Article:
Sustainable yield of oilseed rape through improved resistance against Leptosphaeria maculans (phoma stem canker)

Lead Research Organisation: University of Hertfordshire
Department Name: Health and Human Sciences RI


The aim of the proposed project is to understand disease resistance that is both durable and resilient to increased temperature. It thus is within the BBSRC's strategic research priority for food security. It also fits with KTN's priority on Crop Defence for Food and Feed Security; sustainable production of crops with increased yields is needed to meet the rising demand of a growing human population. Plant diseases threaten crop production, with yield losses of ~20% globally. Breeding for disease-resistance is economically and environmentally the best way to control crop diseases. There is a particular need for durable disease resistance, especially since specific host genes that confer resistance against particular pathogen races can be rendered ineffective by rapid pathogen population changes.

The PhD student working on this project will gain experience in genetics of sustainable crop production and translational research. These skill sets will be a key asset for improving disease resistance breeding. Our recent research on resistance of oilseed rape (Brassica napus) against the phoma stem canker pathogen Leptosphaeria maculans suggests a link between the durability and temperature resilience of disease resistance. Phoma stem canker causes losses in UK oilseed rape production of c. £100M per annum. With the removal of effective fungicides due to changes in EU legislation (Directive 91/414,, there is an increasing need to develop effective resistance against L. maculans. In particular, durable resistance against phoma stem canker pathogen is a high priority for breeding companies like LS Plant Breeding and the parent company NPZ.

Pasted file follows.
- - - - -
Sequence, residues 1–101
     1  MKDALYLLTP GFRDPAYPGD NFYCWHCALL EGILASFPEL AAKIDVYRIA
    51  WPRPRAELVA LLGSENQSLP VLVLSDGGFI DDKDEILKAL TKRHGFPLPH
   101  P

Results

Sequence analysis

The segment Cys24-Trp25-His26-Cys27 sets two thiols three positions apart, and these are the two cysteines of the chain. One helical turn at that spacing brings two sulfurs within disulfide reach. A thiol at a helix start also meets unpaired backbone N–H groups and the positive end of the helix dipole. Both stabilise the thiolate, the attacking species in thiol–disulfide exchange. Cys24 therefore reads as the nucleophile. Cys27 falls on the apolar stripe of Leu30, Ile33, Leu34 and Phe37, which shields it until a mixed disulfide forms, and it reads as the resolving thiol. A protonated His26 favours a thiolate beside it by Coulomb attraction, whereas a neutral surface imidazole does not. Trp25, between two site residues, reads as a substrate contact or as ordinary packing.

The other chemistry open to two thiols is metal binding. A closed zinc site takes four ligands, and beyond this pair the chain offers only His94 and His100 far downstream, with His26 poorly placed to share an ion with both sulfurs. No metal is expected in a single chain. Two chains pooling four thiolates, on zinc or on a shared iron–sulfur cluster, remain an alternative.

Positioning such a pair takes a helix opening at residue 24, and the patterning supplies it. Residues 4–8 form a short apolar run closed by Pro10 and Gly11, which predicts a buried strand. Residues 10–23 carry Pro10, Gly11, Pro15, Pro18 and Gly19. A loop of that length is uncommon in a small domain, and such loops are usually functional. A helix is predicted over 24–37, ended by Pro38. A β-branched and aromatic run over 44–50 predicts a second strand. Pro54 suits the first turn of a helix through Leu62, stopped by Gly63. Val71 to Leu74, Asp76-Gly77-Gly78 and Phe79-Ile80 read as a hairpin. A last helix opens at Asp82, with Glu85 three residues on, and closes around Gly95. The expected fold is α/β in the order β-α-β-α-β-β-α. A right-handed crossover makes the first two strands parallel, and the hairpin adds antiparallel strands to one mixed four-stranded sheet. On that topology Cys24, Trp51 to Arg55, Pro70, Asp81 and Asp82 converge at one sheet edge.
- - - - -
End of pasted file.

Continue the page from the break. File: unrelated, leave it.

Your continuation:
Resistance to L. maculans conferred by distinct temperature-sensitive R genes (Rlm6, LepR3) was rendered ineffective by pathogen population changes within three growing seasons in France and Australia, respectively. Conversely, there is evidence that Rlm7 is a more durable, temperature-resilient R gene. The hypothesis that temperature resilience and durability may be linked has not been tested. To better understand the mechanism of temperature-sensitivity of disease resistance, R genes will be tested in different cultivar backgrounds and the role of a specific heat-shock protein (HSP) will be explored. The following specific objectives are proposed.

1. To determine the effects of cultivar genetic background on temperature-sensitive resistance of different R genes.
2. To study temperature-sensitivity of resistance in commercial breeding materials with different L. maculans races.
3. To examine the contribution of HSP90 to temperature-sensitive R gene-mediated resistance.


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Studentship Projects

Project Reference Relationship Related To Start End Student Name
BB/N503848/1 01/10/2015 30/09/2019
1662042 Studentship BB/N503848/1 01/10/2015 30/09/2019 Katherine Noel